The whole world is watching as world leaders from nearly every country across the globe meet in Paris this week to set carbon emission reductions targets to address global climate change.
Unfortunately representatives of 50 of the same governments are also meeting this week in Geneva to negotiate binding rules that will seriously constrain countries’ ability to meet those targets.
The new leaked text of the Annexes on Energy and Environmental Services for the Trade in Services Agreement was published by Wikileaks on the 3rd of December. TiSA is being negotiated by 22 countries representing 70% of global trade behind closed doors in a secret room in Geneva while all eyes are on Paris where UN public talks are in full swing to design a new climate regime.
As members of 453 civil society organizations including trade unions, environmentalists, farmers, development advocates, and public interest groups from over 150 countries, we are writing today to express extreme alarm about the current situation of the negotiations in the WTO. We urge you to take seriously the need for the upcoming Nairobi Ministerial to change existing WTO rules to make the global trading system more compatible with people-centered development, and to forestall efforts by some developed countries to abandon the development agenda and replace it with a set of so-called “new issues” that actually are non-trade issues that would impact deeply on domestic economies and constrain national policy space required for development and public interest.
On Jan. 25, a group of World Trade Organization (WTO) countries including the United States, the European Union, Australia, and Canada, launched a new set of negotiations to eliminate tariffs on a set of supposedly environmentally beneficial products. In this article Ilna Solomon of Siera Club argues that the initiative may actually harm the environment.
A call to unite and confront the converging global crises of our times, replace the trade and investment pacts and related juggernauts of the corporate-driven global economy, and start building a sustainable economic future together.
Entre el 30 de noviembre y el 2 de diciembre de 2009 se realizará en Ginebra la VII reunión ministerial de la OMC. Será un nuevo esfuerzo de reanudar las negociaciones de la Ronda de Doha, iniciada hace 8 años, y un escenario donde los países desarrollados nuevamente intentarán imponer su propia agenda de liberalización y desregulación de los mercados.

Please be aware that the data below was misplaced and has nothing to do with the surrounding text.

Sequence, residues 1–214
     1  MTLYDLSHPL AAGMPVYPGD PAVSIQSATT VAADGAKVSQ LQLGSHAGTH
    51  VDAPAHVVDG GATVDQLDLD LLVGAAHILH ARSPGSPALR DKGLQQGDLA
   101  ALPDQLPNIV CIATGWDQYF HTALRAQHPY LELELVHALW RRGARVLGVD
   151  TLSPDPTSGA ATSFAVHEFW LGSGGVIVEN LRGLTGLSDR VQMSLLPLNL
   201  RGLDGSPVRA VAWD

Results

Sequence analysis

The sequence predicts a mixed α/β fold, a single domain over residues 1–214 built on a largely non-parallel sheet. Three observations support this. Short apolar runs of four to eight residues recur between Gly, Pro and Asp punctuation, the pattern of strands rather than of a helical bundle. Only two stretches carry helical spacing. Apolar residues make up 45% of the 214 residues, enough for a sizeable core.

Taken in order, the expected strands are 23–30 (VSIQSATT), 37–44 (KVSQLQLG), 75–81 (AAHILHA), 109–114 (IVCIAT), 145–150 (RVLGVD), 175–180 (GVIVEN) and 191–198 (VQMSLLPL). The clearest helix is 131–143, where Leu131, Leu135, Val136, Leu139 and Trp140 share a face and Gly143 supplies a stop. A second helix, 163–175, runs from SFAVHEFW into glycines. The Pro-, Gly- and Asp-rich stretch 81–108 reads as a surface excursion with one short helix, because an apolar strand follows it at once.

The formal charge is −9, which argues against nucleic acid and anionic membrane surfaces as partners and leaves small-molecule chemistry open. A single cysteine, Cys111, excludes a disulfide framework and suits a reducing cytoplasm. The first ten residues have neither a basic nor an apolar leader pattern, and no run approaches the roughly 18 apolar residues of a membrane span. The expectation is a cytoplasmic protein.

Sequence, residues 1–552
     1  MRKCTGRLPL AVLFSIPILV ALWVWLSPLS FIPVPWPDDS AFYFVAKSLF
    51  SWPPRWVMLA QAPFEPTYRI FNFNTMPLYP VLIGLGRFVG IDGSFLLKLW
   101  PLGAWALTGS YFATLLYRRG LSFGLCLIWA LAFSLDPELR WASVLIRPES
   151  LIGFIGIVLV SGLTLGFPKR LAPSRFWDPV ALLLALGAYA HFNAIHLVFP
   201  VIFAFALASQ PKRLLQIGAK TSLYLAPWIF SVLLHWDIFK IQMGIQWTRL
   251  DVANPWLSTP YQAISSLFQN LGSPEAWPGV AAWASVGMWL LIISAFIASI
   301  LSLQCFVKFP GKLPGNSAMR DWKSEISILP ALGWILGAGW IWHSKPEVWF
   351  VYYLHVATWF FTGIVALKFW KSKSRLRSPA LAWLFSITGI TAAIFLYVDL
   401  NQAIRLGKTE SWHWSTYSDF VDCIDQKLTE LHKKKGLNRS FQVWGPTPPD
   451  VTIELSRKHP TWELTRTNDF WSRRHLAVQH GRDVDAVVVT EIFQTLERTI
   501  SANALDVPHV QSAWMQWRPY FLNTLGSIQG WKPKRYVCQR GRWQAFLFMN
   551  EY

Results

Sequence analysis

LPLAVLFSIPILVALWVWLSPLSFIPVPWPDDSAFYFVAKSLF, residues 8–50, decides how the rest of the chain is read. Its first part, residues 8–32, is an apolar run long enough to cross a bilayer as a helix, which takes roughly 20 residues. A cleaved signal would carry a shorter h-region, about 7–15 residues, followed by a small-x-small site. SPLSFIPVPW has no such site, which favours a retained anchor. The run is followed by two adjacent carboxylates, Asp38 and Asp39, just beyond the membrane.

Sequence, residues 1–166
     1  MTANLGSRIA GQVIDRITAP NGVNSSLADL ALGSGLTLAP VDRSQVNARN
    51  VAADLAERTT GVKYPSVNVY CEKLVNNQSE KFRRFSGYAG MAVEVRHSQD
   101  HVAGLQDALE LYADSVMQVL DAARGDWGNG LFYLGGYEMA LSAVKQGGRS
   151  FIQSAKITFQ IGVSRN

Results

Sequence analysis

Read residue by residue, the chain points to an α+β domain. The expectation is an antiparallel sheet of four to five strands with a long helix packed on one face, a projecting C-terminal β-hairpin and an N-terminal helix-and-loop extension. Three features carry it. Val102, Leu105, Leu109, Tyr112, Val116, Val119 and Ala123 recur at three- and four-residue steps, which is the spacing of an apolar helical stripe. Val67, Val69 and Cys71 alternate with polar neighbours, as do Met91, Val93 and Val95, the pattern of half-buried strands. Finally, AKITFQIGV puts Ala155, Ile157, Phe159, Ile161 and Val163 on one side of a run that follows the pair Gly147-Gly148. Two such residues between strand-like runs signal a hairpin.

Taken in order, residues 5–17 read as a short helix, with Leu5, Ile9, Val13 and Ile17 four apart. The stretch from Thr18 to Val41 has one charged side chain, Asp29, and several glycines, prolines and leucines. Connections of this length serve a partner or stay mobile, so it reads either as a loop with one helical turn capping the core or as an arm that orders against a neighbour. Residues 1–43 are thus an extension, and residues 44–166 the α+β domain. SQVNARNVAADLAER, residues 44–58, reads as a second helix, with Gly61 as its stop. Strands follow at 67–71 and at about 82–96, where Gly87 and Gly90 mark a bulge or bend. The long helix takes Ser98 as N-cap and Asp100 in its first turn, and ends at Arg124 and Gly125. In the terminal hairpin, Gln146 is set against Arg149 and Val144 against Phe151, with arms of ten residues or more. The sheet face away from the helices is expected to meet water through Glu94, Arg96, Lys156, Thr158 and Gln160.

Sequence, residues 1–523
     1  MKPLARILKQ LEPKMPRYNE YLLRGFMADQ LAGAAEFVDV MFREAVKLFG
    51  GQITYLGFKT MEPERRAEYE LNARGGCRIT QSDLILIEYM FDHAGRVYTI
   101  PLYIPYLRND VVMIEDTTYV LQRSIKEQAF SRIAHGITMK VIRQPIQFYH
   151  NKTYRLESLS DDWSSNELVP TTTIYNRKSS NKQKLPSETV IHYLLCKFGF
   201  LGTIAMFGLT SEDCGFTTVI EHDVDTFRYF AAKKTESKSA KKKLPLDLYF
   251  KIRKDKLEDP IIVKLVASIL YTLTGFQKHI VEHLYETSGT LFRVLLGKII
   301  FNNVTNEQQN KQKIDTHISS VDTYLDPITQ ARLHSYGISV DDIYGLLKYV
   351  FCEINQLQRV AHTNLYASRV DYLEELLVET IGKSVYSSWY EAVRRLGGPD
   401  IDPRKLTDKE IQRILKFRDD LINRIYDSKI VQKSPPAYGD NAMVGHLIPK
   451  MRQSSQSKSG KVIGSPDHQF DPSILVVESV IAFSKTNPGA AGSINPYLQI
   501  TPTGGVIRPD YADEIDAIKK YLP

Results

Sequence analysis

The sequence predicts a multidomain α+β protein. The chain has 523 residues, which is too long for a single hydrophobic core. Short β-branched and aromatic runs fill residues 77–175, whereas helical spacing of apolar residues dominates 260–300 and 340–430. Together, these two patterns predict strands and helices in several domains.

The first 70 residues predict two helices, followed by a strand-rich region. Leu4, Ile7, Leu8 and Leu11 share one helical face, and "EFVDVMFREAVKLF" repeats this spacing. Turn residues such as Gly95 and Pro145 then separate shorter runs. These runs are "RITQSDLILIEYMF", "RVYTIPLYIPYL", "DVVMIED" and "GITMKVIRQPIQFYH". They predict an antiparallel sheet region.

Brazilian president, Luiz Inácio Lula da Silva, said this Sunday, May 17, at the end of a two-day trip to Saudi Arabia, that he called on king Abdullah Bin Abdulaziz Al Saud for the two countries to jointly seek reciprocal investment opportunities.
Global climate change negotiations could become the battleground to hammer out a second clarification of intellectual property protection rules in the World Trade Organization to strengthen developing countries rights to use patented technology without authorization of rights holders, according to the U.S. Chamber of Commerce.
But I am acutely conscious that this focus on the traditional agenda, appropriate though it is, should not obscure the vital need to refresh the mandate of the WTO to deal with tomorrow's problems. Here, the interface between the international trade agenda and the climate change agenda looms larger than any single issue.
After many failed Ministerial meetings and nearly twelve years of negotiations, the Doha Round of WTO expansion is at a crossroads. Developed countries have pushed aside agreements to negotiate on key developing country issues intended to correct the imbalances within the existing WTO, which formed the basis of the development mandate of Doha.
Even worse, developed countries appear to be re-packaging the same liberalization and market access demands of their corporate interests to create a “new trade narrative” towards gaining agreements at the upcoming 9th Ministerial in Bali.
In this statement with specific demands Our World Is Not for Sale (OWINFS) network asserts that in addition to a long-term transformation of the global trade and economic architecture, immediate changes must be made to WTO in order to provide countries more policy space to pursue a positive agenda for development and job-creation, food security, sustainable development, access to affordable healthcare and medicines, and global financial stability.